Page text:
recovering from a broken collar-bone at the moment. If you've never broken a bone related to upper limbs you probably don't realise quite how many things it impacts that you wouldn't necessarily expect. You'd expect that "all" you can't do is anything relating to directly weight bearing and lifting with the affected limb. You wouldn't necessarily and immediately realise that you can't run (easily or naturally and certainly while the break is quite fresh you don't want to be jiggling the joint and broken bits about), you can't cycle at all ("surely you can cycle one-handed?" nope.), you certainly can't swim (and if there's any serious abrasions or related surgical wounds it's an even worse idea) and that stuff like washing, getting dressed, getting in and out of bed/cars etc. is really hard. So you may not realise that despite it being only one little bone (that was "multifragmentary with anterosuperior, superior and posteroinferior intermediate fragments" which were "malpositioned and displaced" - i.e. broken into a few bits that were in the wrong places), life is impacted quite a bit. Since I had the plate put in, the clock reset on healing but I already had 10 days of lack of exercise and my arm being permanently bent at the elbow so an extra 10 days of immobility in the muscles and joints of that arm as well as an extra 10 days of gently sliding fitness. From the day after surgery to put the plate in, I religiously did the basic exercises (pendulum swings, assisted arm raises and cross-body swings progressing to unassisted) to restore mobility to the elbow and shoulder.
Last Thursday I had a hospital check-up that took me off the leash for a few things; showering and bathing (getting the wound/incision site wet), spin bike (no hands on handlebars), and running. Which meant that I had a green light to get back into training. With 4 weeks of zero exercise, I need to get it into my head that I can't just pick up where I left off at Galway 70.3. The physio appointment on the same day as the check-up also gave me an assessment of progress (ridiculously good progress) and some extra exercises to finish off the mobility rehabilitation (straight arm raises overhead, using a mirror and both arms at once to make sure motion is even). With that green light grinning at me, I let Rich know that I can start doing stuff again and he's given me some training sessions to do that take me up until I go to Kona. Limited to running and spin bike, with 4 weeks of inactivity, as well as being in the "off season" now, I have a programme this week which totals an incredible 5 hours. Having been training for months where the average planned sessions in a week was around 13 hours and a peak of 18.5 hours, 5 hours seems weird. I know a large part of it is the lack of long bike ride at the weekend (that's 4-5 hours straight away) another chunk is no swimming (about 3 hours in a week) and the rest is taking it easy after a break. But still, 5 hours seems like sod all. I'll be a good girl though (apart from a little parkrun on Saturday which isn't on the schedule)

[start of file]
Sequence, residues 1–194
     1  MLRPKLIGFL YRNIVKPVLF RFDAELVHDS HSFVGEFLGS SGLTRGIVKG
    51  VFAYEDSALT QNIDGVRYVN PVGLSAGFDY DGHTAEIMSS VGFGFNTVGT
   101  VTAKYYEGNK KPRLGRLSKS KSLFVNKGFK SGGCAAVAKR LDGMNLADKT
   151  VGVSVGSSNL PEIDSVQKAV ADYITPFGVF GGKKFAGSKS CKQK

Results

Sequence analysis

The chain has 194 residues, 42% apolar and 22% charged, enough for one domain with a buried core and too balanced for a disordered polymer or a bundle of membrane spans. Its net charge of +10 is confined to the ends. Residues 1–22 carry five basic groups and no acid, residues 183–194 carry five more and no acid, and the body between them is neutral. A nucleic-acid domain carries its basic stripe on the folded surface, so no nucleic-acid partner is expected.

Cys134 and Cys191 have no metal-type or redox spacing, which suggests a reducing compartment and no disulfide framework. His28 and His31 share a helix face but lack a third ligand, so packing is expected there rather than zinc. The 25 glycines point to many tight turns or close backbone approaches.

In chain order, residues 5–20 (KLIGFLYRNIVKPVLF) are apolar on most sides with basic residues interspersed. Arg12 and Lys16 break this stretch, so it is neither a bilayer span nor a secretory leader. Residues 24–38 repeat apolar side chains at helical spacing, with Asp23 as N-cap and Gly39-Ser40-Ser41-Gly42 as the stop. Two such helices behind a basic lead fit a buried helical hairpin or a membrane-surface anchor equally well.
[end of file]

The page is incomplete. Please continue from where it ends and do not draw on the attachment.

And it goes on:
revelation number one; how about the rest of you?
Post a Comment